UK government pushes ahead with HS2 Crewe to Manchester phase

Out-Law News | 26 Jan 2022 | 9:37 am | 1 min. read

The UK government has pushed ahead with plans for the section of HS2 between Crewe and Manchester, introducing a hybrid bill into parliament that would give ministers the powers needed to construct and operate the rail line.

The government said delivery of the line under the High Speed Rail (Crewe to Manchester) Bill would improve service reliability and deliver shorter journey times for passengers - cutting travel from London to Manchester by about 55 minutes and Birmingham to Manchester by up to 45 minutes.

According to ministers, the extension would double the rail capacity between Manchester and London with new high speed stations and junctions at Manchester Piccadilly and Manchester Airport.

Owen Robbie_November 2019

Robbie Owen

Partner, Parliamentary Agent

Ultimately, those affected by the proposals will have the opportunity to present their concerns to a select committee of the House of Commons later in the year.

HS2 Ltd also said it aimed for a 10% net gain in biodiversity for replaceable habitats on the Crewe to Manchester route, delivering more biodiversity than existed before construction began. It comes after the government pledged that HS2 trains will run on zero carbon energy from day one.

Robbie Owen, infrastructure planning expert and ‘Roll A’ parliamentary agent at Pinsent Masons, said: “The bill could well take up to three years to pass through parliament, so it is far from guaranteed that it will have been passed before the next general election, which is scheduled to take place in 2024.”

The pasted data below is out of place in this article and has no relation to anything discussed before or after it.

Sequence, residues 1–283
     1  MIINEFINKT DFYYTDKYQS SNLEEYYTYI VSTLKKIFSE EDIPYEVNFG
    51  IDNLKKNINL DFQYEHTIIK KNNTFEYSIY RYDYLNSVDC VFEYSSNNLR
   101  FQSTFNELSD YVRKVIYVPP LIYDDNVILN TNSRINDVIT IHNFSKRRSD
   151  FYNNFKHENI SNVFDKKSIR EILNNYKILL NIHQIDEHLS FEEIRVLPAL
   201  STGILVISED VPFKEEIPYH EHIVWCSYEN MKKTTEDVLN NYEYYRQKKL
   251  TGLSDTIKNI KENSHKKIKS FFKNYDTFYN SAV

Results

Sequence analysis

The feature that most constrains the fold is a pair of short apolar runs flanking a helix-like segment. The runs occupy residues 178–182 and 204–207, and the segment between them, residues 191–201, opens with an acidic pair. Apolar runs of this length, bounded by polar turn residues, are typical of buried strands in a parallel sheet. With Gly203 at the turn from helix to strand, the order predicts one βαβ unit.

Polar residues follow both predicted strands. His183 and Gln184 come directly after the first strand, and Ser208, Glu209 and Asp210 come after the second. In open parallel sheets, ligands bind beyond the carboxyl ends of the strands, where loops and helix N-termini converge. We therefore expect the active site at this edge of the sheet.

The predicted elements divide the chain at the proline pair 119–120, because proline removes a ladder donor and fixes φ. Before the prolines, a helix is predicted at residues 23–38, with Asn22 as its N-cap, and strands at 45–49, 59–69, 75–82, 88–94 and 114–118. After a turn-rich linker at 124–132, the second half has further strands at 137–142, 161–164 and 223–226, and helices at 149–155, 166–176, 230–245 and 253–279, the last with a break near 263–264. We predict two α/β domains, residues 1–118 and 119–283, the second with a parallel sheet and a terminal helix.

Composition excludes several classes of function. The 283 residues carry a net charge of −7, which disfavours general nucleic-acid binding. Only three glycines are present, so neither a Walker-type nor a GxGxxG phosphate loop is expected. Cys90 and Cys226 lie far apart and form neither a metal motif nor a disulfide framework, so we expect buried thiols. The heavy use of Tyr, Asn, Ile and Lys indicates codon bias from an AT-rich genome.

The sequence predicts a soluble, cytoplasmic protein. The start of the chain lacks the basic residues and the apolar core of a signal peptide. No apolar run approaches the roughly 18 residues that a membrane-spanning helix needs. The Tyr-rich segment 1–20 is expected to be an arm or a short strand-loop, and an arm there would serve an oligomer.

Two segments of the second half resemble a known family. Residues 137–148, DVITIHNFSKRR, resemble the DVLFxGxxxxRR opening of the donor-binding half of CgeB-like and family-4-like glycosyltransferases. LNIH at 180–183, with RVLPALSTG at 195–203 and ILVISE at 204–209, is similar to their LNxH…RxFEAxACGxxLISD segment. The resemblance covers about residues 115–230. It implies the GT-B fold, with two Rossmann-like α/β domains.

“Those up and down the route who will be directly and specially affected, including developers, businesses and logistics companies, need to ensure they have a firm understanding of how hybrid bills work and how to effectively engage with the government and HS2 Ltd through the parliamentary process – otherwise they could lose out on their chance to influence the design of HS2 in their locality and have their interests taken into account,” he said.

Owen added: “Ultimately, those affected by the proposals will have the opportunity to present their concerns to a select committee of the House of Commons later in the year. Local authorities and developers may also need to engage with the bill if it is not to hinder the levelling up agenda through preventing or delaying development and regeneration opportunities along the route.”

Transport secretary Grant Shapps said: “We are determined to improve transport connections and level up communities across the country and this bill marks a landmark moment as we bring HS2 to Manchester and lay the foundations for Northern Powerhouse Rail. Our £96 billion investment in rail in the North and Midlands and in connecting them to London will bring communities together, create thousands of jobs and make towns and cities in these key areas more attractive to business up to 10 years quicker than under any previous plans.”

“The Integrated Rail Plan is the blueprint for the government’s commitment to building better transport links, generating prosperity and opportunity across the North and Midlands, bringing benefits up to 10 years sooner than previously planned, all while delivering on levelling up the country,” he added.